Eric M. Lind, Kimberly J. La Pierre, Eric W. Seabloom, Juan Alberti, Oscar Iribarne, Jennifer Firn, Daniel S. Gruner, Adam D. Kay, Jesus Pascal, Justin P. Wright, Louie Yang, Elizabeth T. Borer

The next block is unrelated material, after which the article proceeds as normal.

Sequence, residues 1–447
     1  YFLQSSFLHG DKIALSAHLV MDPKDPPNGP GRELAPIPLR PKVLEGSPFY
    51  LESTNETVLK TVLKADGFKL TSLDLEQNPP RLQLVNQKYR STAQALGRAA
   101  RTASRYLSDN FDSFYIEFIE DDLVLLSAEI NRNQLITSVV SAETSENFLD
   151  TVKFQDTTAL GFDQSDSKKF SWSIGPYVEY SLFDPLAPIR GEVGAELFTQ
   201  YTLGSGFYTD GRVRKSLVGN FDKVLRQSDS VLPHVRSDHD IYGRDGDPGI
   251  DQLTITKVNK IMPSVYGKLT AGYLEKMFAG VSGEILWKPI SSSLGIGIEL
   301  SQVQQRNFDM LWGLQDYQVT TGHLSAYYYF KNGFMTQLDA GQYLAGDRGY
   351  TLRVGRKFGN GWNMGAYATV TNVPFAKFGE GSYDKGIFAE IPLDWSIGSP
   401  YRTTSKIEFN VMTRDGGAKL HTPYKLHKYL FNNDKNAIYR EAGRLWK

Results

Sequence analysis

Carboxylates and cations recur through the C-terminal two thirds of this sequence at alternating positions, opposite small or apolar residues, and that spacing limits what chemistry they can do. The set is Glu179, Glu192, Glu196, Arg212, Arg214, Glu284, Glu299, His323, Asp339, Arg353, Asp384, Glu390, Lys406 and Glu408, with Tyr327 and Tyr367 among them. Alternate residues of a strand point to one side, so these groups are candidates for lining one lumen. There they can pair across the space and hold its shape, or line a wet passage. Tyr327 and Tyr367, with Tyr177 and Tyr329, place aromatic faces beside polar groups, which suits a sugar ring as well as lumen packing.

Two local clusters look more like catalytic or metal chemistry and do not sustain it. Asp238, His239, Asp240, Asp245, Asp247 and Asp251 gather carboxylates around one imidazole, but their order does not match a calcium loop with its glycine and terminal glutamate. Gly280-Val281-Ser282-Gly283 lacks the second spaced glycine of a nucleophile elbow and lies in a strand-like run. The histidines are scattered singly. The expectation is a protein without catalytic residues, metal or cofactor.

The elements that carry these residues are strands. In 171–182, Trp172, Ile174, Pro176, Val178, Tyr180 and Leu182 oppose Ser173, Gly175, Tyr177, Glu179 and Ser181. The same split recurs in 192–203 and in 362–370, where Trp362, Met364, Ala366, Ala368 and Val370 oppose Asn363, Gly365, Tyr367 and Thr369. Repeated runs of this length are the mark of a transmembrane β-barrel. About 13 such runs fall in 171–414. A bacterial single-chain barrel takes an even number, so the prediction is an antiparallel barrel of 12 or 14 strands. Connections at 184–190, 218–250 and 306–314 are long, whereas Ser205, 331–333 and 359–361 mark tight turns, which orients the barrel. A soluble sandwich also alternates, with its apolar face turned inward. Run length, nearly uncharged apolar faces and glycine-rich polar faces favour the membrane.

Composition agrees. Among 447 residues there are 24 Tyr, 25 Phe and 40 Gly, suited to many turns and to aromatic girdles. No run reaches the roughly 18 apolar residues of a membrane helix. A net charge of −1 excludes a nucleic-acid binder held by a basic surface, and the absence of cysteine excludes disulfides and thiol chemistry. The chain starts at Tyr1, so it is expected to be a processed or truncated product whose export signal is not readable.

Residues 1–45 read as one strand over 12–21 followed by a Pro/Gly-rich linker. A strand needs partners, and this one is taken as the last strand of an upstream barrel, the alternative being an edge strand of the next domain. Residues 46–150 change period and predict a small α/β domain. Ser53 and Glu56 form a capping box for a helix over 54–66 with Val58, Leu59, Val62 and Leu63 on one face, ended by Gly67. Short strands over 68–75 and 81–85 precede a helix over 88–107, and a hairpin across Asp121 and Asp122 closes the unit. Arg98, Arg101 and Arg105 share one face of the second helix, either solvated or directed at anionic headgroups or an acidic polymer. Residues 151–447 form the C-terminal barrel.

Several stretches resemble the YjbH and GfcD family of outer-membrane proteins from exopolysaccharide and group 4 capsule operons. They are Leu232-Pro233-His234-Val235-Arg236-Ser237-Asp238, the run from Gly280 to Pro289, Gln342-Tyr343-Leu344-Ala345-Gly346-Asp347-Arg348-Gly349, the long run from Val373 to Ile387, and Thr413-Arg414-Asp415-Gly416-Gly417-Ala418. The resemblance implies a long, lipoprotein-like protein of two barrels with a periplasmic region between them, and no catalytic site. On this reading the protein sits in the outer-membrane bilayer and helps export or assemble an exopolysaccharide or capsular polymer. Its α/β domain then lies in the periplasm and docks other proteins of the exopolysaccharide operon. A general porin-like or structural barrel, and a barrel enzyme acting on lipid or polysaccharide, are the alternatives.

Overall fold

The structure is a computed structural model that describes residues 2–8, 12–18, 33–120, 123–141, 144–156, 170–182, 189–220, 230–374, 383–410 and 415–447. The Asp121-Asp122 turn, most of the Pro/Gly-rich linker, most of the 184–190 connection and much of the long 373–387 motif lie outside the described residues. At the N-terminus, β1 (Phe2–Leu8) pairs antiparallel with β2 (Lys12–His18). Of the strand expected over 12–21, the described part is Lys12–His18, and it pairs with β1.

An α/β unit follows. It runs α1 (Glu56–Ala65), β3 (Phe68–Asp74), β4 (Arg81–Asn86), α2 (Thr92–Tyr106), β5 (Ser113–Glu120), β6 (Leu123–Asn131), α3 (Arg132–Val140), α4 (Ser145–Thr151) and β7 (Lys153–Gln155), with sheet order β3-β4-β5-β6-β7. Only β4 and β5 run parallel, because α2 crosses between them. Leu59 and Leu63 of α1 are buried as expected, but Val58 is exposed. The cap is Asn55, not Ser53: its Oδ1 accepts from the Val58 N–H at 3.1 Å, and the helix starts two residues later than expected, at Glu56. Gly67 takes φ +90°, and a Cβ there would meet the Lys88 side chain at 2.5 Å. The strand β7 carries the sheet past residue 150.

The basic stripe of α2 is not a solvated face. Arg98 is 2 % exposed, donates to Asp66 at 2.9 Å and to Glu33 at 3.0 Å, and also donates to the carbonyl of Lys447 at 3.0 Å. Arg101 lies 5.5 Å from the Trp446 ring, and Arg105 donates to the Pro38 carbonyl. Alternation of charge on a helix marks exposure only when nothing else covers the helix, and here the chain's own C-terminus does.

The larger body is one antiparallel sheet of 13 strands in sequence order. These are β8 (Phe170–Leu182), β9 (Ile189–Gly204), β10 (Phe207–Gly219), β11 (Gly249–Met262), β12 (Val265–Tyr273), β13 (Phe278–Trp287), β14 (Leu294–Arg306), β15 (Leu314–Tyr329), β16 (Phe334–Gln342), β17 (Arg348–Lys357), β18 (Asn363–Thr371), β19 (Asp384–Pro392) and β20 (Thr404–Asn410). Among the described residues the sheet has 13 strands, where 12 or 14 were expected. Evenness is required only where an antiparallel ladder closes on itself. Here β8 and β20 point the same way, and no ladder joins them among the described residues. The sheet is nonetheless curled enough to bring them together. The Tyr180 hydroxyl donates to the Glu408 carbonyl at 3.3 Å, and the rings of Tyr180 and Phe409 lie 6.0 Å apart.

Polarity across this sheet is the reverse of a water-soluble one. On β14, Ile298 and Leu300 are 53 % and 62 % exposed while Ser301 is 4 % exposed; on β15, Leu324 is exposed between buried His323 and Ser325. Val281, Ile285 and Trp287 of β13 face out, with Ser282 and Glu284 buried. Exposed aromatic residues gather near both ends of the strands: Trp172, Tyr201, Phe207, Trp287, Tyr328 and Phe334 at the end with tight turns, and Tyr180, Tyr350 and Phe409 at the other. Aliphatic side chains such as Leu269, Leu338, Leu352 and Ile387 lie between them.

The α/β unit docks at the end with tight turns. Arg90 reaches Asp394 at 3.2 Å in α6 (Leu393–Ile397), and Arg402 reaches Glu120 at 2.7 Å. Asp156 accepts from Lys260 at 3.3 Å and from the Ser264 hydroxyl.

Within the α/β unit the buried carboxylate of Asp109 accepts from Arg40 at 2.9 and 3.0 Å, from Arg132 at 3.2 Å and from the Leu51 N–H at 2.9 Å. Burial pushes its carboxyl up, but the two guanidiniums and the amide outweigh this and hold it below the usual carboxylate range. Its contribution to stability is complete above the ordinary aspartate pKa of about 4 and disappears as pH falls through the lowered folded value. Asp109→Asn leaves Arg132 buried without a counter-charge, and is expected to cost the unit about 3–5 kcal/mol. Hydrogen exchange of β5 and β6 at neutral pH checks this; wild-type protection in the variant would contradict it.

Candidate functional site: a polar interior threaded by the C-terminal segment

Increases in nutrient availability and alterations to mammalian herbivore communities are a hallmark of the Anthropocene, with consequences for the primary producer communities in many ecosystems. While progress has advanced understanding of plant community responses to these perturbations, the consequences for energy flow to higher trophic levels in the form of secondary production are less well understood. We quantified arthropod biomass after manipulating soil nutrient availability and wild mammalian herbivory, using identical methods across 13 temperate grasslands. Of experimental increases in nitrogen, phosphorus, and potassium, only treatments including nitrogen resulted in significantly increased arthropod biomass. Wild mammalian herbivore removal had a marginal, negative effect on arthropod biomass, with no interaction with nutrient availability. Path analysis including all sites implicated nutrient content of the primary producers as a driver of increased arthropod mean size, which we confirmed using 10 sites for which we had foliar nutrient data. Plant biomass and physical structure mediated the increase in arthropod abundance, while the nitrogen treatments accounted for additional variation not explained by our measured plant variables. The mean size of arthropod individuals was 2.5 times more influential on the plot‐level total arthropod biomass than was the number of individuals. The eutrophication of grasslands through human activity, especially nitrogen deposition, thus may contribute to higher production of arthropod consumers through increases in nutrient availability across trophic levels.